The Fetch Wilson

Stewart Roche
The Corps Ensemble
Pleasance Courtyard

The Fetch Wilson

Set in the claustrophobic confines of The Attic space at Pleasance Courtyard, The Fetch Wilson is a tale of a boy growing up in modern-day Dublin whose life has no meaning until he discovers a talent for playing poker, but whose life then spirals out of control as he enters the murky world of the card sharp.

Performed by Edwin Mullane as a monologue, this dark and disturbing piece is inspired, according to the company, by the worlds of Edgar Allen Poe and Chuck Palanuck. It certainly contains some evil characters and macabre happenings and explores the black heart of the underbelly of society.

Billy Wilson tells his story almost back to front. He starts with his current unsuitable girlfriend and his life in Dublin as a shady card player with a few anecdotal stories that lull you into a false sense of security before he begins his tale of how he got there: through friendship with a boy at school who uncannily has the same name as him and subsequently keeps appearing at moments of significance in his life.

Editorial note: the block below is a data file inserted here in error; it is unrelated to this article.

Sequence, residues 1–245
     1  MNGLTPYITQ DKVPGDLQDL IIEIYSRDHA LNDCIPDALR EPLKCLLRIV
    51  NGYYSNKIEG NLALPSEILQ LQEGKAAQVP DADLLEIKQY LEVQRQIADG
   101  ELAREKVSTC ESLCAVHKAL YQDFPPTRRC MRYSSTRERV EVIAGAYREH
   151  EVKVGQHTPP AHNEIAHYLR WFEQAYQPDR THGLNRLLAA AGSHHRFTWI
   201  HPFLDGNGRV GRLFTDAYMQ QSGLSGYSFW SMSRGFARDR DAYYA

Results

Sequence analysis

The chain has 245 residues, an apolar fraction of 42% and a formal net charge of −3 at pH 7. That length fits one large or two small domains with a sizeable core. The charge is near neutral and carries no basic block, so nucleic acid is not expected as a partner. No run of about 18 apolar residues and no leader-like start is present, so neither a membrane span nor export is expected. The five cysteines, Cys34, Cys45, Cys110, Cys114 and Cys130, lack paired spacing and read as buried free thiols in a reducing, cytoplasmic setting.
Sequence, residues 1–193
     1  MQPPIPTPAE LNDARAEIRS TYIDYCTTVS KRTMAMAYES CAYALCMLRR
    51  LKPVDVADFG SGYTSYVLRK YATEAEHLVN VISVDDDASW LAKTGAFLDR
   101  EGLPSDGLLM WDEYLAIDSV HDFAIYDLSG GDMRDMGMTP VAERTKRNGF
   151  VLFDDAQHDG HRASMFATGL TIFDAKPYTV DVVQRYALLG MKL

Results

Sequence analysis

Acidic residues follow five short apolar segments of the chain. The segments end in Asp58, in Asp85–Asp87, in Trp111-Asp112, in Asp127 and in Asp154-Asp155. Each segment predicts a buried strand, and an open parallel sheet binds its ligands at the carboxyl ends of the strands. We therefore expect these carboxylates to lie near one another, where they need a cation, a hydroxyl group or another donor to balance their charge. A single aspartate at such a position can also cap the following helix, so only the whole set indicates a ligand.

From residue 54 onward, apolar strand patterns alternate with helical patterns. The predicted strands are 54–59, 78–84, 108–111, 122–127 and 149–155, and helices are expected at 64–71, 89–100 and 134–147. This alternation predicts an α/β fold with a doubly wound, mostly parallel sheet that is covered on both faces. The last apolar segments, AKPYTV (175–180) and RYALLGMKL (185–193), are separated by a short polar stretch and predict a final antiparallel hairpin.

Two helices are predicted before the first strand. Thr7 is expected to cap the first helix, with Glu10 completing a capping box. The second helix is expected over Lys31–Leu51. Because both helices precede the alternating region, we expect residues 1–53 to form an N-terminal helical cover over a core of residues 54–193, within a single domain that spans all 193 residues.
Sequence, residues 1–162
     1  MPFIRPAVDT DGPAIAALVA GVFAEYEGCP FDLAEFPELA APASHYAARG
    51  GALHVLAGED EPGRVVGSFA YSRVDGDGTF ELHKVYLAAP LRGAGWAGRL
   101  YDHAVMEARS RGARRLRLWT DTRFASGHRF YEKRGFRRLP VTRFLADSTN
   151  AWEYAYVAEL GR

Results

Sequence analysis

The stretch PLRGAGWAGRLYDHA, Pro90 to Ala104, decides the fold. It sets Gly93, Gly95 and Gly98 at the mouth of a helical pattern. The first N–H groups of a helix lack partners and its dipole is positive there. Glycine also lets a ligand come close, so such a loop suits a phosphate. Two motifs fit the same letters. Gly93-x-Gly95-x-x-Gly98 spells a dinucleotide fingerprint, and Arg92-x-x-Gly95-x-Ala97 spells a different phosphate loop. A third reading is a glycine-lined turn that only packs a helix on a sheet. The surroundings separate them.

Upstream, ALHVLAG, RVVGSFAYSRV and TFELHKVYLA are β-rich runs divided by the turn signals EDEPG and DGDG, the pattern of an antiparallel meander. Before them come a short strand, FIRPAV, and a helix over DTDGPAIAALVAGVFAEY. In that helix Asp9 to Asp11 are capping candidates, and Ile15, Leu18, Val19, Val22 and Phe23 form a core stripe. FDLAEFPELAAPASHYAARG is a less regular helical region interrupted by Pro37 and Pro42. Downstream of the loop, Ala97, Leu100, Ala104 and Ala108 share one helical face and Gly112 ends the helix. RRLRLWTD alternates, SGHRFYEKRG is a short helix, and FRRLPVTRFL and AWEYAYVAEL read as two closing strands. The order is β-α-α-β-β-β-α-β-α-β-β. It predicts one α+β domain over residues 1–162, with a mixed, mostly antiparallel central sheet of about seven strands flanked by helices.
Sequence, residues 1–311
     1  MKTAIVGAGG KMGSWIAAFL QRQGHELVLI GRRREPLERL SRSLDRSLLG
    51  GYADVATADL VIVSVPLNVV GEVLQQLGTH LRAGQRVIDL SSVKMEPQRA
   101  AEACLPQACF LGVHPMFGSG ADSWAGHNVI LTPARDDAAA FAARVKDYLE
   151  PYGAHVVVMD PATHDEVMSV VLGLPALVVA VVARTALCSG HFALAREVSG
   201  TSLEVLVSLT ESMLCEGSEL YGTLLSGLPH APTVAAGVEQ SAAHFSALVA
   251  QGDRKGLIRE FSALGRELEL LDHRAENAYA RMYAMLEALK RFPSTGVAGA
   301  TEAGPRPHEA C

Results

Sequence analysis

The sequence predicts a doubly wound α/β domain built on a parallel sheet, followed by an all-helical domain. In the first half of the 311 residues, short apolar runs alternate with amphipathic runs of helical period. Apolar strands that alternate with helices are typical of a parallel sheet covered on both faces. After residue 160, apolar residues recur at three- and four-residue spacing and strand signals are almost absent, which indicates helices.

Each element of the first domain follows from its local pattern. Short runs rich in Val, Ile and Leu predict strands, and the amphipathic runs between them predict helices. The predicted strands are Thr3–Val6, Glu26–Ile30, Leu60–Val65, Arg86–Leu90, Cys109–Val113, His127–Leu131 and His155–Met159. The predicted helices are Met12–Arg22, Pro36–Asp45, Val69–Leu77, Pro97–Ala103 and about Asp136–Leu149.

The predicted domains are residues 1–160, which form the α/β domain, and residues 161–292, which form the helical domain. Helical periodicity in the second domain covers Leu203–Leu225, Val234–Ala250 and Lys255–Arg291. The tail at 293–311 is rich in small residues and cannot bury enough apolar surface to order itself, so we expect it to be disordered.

The actor drew us in from the start, with his soft lilting Irish brogue and strange costume of boxer shorts, vest and dressing gown, telling the story with animation and pace through the trials and turns of Wilson’s life to the final shocking twist.

A well-written, forensically directed and charismatically performed piece that deserves a wider airing.

Reviewer: Suzanne Hawkes

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